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More on helmets in servos

Discussion in 'Politics, Laws, Government & Insurance' started by Gromit, Jul 27, 2005.

  1. This morning I filled up at my local Shell/Coles Express servo, and went inside to pay. Helmet on, visor up, cash in hand.

    After taking my money, the guy behind the counter asked "Do you know there's a $500 fine for not taking your helmet off inside?".

    No, I told him, I wasn't aware of that. Was he sure that's the law? He assured me he was, and that "no helmets inside" wasn't just Shell policy.

    I pointed out that I'd been buying petrol at that servo for the past 18 years,and that if I was going to rob them I'd have done it by now. Still, he was certain that was the law.

    So...this gives me an excuse to buy that balaclava I was contemplating getting!

    It's also given me a research task - to find out whether there is actually a law in Vic that requires you to take your helmet off inside a servo.

    Has anyone else heard of the $500 fine?
  2. Wouldn't say i'm 100% sure but I reckon 95% sure there is no such law. It's considered common courtesy I guess to do it in servos, TAB's, Banks and Post offices but I personally rarewly take my helmet off in a servo, will at the other places as they take some time, servo I just change money for petrol.
  3. Sounds like bollocks to me. More like shell policy.

    And how the hell can they fine you $500 anyways?
  4. It wasn't put to me that Shell could fine me (obviously they can't), just that there was a law against entering a servo wearing a motorcycle helmet, the penalty being $500.

    I strongly suspect this is utter bollocks, but I'll spend a little time researching it anyway.

    BTW, this is the first time anyone at that servo has said anything about my wearing a helmet inside.

    I think next time I fill up there I'll make sure I'm wearing a Groucho Marx mask under my helmet...
  5. In all honesty, it (the alleged $500 fine) sounds less like Shell policy and more like the delusional rantings of a console Hitler.
  6. Sounds like Captain Stupid was moonlighting as a servo attendant again. It's a "policy" that Shell might like people to follow but we're not Shell employees so are not bound by anything other than good manners. I'd have asked for proof.
  7. $500 dollar fine, I'd like to see them try and enforce it.

    Butttox to that!
  8. Store policy yes... but stickers on doors does not make it a law...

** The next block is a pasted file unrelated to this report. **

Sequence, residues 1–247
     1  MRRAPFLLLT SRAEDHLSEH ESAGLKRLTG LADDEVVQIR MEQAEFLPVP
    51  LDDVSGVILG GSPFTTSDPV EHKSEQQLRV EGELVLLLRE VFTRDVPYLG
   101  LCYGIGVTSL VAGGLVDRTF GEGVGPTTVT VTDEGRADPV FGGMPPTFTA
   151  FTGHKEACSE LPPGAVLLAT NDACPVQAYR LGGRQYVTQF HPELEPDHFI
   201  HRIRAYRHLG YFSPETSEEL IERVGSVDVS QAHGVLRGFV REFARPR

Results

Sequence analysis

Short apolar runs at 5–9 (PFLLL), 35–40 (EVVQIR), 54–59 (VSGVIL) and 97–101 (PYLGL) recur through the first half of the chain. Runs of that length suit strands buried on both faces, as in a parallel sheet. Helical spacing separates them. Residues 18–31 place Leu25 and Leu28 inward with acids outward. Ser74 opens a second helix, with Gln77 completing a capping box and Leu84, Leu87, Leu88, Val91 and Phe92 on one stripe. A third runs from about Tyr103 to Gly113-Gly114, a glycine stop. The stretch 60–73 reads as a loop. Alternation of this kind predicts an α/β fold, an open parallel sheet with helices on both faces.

If it was the law, they wouldn't need the stickers. They don't need little stickers to say "no armed robberies please" - the law takes care of that.
  9. I think their main motivation is that it's internal policy, and that the console jockey might be disciplined for not requiring the helmet to be removed.

    Too bad.

    When I go into a servo to pay, I deliberately have my visor up and cash in hand. If it's after dark, the helmet comes off - as a matter of courtesy.

    One other point - if they had a sign at the entrance of the servo (out by the driveway) saying something like "it is a condition of entry to this service station that helmets be removed when paying for petrol" they'd be on stronger ground.

    It's their property, and they can set whatever reasonable conditions they like for entry - just like you can refuse to allow someone inside your home, or ask them to leave. But there's no such sign. There's probably a sticker somewhere near the door like the one you see in banks - a graphic of a helmet with a diagonal line through it, or similar. I don't think that's good enough.
  10. I did a quick google search and didn't find a thing. If there was a fine they would have it displayed on the sticker which has the cross through the helmet.

    The only time i've ever had a problem wearing a helmet into a servo was around 11pm at the BP in Mitham. The guy wouldn't open the door, once I removed the helmet off he did.

    I apologized to him, it was a fair call being late and no one else around. He told me he'd been robbed before by a guy on a bike so he's not taking any chances. If there was a fine I think he would have mentioned it.